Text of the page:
Rude Britannia room guide: The Absurd

Romeyn after De Hooghe Arlequin sur l Hypographe a la Criosade Lojoliste1689
none
John Tenniel Illustrations to Through the Looking Glass and What Alice found there The Walrus the Carpenter and the Oysters 1872
none
Angus Fairhurst The Problem with Banana Skins Divided Inverted  1998 sculpture of a banana skin
none
David Shrigley Im dead 2007 stuffed cat standing on its hinde legs holding a sign saying im dead
none
Shaun Doyle and Mally Mallinson Death to the Fascist Fruit Boys 2010 two male cartoon figures with fruit and vegetables for heads and hands are attacking a cone of chips which has a face, legs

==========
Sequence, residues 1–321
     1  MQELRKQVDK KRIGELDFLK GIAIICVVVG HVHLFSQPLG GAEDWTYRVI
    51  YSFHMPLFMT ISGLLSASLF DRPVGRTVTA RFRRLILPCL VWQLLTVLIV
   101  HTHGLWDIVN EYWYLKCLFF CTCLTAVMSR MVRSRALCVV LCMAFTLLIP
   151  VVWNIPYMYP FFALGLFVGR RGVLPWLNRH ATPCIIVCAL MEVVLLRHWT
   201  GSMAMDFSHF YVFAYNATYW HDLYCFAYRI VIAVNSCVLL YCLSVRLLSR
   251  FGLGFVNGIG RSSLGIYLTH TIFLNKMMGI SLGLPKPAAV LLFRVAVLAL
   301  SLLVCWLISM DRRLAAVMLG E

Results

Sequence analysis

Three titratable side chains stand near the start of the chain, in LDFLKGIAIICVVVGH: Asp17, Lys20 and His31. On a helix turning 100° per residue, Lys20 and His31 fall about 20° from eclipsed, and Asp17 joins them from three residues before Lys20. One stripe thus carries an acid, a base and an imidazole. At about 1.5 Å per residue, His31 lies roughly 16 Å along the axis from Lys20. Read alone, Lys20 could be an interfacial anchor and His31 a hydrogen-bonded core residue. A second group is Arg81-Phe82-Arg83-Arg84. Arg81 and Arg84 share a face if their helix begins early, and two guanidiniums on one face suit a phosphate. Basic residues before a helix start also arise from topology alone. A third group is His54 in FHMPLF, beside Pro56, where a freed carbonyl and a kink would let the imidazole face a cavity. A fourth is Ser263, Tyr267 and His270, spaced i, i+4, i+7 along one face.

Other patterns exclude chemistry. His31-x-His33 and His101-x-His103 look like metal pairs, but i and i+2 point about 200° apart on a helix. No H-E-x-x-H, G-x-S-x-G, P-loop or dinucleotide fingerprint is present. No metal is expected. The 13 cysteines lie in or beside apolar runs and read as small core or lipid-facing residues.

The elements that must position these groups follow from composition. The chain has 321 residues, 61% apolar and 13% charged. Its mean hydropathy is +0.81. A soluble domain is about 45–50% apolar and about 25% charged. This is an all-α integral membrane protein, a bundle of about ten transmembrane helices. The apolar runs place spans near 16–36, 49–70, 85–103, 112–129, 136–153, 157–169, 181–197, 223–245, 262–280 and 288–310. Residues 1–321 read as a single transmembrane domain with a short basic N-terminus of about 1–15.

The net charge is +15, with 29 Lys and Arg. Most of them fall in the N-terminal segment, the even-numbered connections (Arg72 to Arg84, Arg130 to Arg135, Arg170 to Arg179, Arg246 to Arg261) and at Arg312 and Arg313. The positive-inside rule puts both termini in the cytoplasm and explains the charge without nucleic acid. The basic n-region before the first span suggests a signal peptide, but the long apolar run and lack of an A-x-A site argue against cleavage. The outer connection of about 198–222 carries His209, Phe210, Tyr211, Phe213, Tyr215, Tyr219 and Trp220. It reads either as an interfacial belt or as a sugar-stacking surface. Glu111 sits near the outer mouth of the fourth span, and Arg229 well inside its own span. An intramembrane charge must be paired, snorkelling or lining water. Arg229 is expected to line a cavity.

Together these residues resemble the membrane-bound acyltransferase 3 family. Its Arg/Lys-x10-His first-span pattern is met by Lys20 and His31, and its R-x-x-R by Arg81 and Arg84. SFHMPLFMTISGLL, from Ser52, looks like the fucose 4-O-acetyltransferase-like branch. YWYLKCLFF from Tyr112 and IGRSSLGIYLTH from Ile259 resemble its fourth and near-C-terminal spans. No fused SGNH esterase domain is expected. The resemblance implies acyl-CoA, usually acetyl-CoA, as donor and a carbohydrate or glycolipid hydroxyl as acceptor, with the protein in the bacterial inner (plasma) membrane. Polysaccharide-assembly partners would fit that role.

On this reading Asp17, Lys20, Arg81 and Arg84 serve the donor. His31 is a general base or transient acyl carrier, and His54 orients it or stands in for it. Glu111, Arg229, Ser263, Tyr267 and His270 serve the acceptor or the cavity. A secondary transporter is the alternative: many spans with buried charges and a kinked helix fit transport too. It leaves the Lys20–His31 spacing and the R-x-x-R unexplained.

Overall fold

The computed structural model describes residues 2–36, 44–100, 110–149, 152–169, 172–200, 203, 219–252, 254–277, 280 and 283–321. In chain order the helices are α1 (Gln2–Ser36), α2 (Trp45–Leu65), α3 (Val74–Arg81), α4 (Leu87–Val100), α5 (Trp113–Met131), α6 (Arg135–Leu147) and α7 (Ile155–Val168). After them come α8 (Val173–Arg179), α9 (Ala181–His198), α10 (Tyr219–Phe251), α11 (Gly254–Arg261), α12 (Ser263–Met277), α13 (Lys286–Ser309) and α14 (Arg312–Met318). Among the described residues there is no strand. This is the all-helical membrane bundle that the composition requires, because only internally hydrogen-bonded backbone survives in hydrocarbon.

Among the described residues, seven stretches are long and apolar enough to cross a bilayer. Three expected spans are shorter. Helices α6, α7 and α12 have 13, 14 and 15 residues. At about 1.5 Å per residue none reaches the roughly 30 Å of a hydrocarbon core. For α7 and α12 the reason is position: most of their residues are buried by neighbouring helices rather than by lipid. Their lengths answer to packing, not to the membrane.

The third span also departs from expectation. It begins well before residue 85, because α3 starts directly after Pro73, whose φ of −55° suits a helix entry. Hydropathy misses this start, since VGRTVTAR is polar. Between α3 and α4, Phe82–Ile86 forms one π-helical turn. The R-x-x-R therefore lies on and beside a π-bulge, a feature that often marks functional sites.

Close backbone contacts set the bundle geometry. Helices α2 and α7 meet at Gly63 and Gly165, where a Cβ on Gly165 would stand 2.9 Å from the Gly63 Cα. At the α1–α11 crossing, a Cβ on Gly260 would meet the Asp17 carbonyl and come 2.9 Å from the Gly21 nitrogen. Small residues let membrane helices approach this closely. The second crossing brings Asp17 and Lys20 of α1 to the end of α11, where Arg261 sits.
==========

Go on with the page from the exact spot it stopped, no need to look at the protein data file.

none
Spirit Flask 1800 carved or moulded drinking flask in the shape of a human head
none

The Oxford English Dictionary definition of ‘absurd’ reads ‘Out of harmony with reason or propriety; incongruous, unreasonable, illogical … plainly opposed to reason, and hence, ridiculous, silly’.

Much comic art since the seventeenth century could be in fact classed as absurd, involving disconcerting dislocations of scale, the humanisation of inanimate objects and animals, and baffling uselessness. Rather than adding up to a coherent British tradition of absurdist humour, the works brought together here may suggest the rich variety of absurd comic art – mixed with elements of melancholy and regret.

Harry Hill has been our guest curator in this space, and has added some of his own special touches to the installation.

See also

Tate Etc

Occupational therapy British Comic Art II

Harry Hill on his paintings, Tate Etc issue 19, Summer 2010
Tate Etc

Who farted? British comic art

Rude Britannia: British Comic Art:, Tate Britain’s forthcoming exhibition exploring the riotous history of humour in British visual culture ...